|Classification and external resources|
Berylliosis, or chronic beryllium disease (CBD), is a chronic allergic-type lung response and chronic lung disease caused by exposure to beryllium and its compounds. As an occupational lung disease, it is most classically associated with aerospace manufacturing, beryllium mining or manufacturing of fluorescent light bulbs (which used to contain beryllium compounds in their internal phosphor coating).
The condition is incurable, but symptoms can be treated.
With single or prolonged exposure by inhalation, the lungs become hypersensitive to beryllium causing the development of small inflammatory nodules, called granulomas.
Ultimately, this process leads to restrictive lung disease, a decreased diffusion capacity.
Rarely, one can get granulomas in other organs including the liver.
The onset of symptoms can range from weeks up to tens of years from the initial exposure. In some individuals a single exposure can cause berylliosis.
History as occupational disease 
Cases of bronchitis and pneumonia-like symptoms were reported in Germany and Russia in the 1930s, among workers mining and refining beryllium. By 1946, a cluster of cases associated with fluorescent lamp manufacturers were apparent in the United States, and the lamp industry stopped using beryllium in 1949. The level of reaction of individuals varies greatly, with some not developing symptoms until years after exposure within industrial plants, but other workers only exposed to traces of dust became affected as well. A study found 1% of people living within 3/4 of a mile of a beryllium plant in Lorain, Ohio, had berylliosis after exposure to concentrations estimated to be less than 1 milligram per cubic metre of air. In the United States the Beryllium Case Registry contained 900 records, early cases relating to extraction and fluorescent lamp manufacture, later ones coming from the aerospace, ceramics and metallurgical industries.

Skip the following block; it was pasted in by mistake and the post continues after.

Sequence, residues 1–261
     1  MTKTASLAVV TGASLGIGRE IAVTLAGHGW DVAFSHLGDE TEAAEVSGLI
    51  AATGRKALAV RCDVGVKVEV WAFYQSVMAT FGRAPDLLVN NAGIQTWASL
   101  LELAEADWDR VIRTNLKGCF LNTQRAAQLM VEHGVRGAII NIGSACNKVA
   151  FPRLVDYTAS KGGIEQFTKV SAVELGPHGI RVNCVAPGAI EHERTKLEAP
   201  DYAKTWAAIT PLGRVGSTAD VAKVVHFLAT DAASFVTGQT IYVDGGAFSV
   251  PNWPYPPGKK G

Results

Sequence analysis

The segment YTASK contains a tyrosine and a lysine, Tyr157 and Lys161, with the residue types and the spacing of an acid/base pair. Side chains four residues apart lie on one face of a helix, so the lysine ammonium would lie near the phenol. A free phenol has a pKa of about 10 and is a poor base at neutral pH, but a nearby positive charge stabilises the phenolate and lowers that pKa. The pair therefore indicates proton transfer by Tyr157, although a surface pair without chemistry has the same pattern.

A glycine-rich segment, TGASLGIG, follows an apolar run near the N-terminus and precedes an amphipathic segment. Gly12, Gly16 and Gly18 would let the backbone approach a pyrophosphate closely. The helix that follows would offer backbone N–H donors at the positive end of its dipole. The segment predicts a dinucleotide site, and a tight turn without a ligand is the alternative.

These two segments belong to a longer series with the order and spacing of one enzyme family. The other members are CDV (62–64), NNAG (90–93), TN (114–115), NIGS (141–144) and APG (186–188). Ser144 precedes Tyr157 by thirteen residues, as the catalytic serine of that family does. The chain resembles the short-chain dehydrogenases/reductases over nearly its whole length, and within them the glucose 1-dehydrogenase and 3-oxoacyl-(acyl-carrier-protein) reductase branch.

- U.S. Army Center for Health Promotion and Preventive Medicine. "USACHPPM: Just the Facts: Beryllium Exposure & Berylliosis". Retrieved 2012-12-06. Unknown parameter
- General Electric Fluorescent Lamps TP 111R, Dec. 1978, says on pg. 23 that since 1949 GE lamps used relatively inert phosphates found to be safe in ordinary handling of either the intact or broken lamp.
- Dweik, Raed A (2008-11-19). "Berylliosis: Treatment & Medication". Medscape. Retrieved 2009-08-21.
- David Geraint James, Alimuddin Zumla, The granulomatous disorders, Cambridge University Press, 1999, ISBN 0-521-59221-6, pages 336-337
- Brown University Medical School. "Berylliosis". Retrieved 2012-08-20.
- ATSDR Case Studies in Environmental Medicine: Beryllium Toxicity U.S. Department of Health and Human Services
- CDC - Research on Beryllium Sensitization and Chronic Beryllium Disease - NIOSH Workplace Safety and Health Topic
- Beryllium Network
- Instant insight from the Royal Society of Chemistry examining the molecular basis of chronic beryllium disease
- Rosner, David; Markowitz, Gerald E. (February 1987). "Ch. 7: Salem Sarcoid:The Origins of Beryllium Disease". Dying for work: workers' safety and health in twentieth-century America. Indiana University Press. pp. 103–. ISBN 978-0-253-31825-1.